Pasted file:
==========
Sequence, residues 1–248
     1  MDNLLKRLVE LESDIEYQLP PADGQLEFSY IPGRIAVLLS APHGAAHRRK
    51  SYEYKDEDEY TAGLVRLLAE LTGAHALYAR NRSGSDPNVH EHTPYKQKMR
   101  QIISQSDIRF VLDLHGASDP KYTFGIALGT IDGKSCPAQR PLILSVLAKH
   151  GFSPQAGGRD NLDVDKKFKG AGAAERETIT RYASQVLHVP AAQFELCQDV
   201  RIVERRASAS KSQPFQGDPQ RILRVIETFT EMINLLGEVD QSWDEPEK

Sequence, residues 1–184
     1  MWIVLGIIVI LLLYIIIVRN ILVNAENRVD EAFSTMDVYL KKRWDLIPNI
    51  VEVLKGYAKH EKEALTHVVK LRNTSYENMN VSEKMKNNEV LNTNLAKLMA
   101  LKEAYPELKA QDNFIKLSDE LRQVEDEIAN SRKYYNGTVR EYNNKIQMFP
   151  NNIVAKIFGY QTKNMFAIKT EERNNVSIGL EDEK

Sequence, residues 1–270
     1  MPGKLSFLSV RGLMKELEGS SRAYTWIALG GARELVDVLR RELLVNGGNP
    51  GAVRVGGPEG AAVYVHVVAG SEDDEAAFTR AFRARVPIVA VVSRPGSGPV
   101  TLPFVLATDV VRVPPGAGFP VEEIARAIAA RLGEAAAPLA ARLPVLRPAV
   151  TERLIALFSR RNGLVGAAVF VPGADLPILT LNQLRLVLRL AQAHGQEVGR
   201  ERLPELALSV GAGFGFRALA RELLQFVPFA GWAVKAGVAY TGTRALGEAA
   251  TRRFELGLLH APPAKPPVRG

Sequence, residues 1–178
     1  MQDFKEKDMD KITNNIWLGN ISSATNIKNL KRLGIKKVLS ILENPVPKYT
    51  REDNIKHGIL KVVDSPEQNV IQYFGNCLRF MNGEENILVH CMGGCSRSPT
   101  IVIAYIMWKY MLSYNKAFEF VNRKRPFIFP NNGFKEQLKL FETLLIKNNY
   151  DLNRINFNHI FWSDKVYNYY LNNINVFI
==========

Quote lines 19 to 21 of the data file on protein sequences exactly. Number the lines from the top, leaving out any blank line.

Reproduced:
Sequence, residues 1–178
     1  MQDFKEKDMD KITNNIWLGN ISSATNIKNL KRLGIKKVLS ILENPVPKYT
    51  REDNIKHGIL KVVDSPEQNV IQYFGNCLRF MNGEENILVH CMGGCSRSPT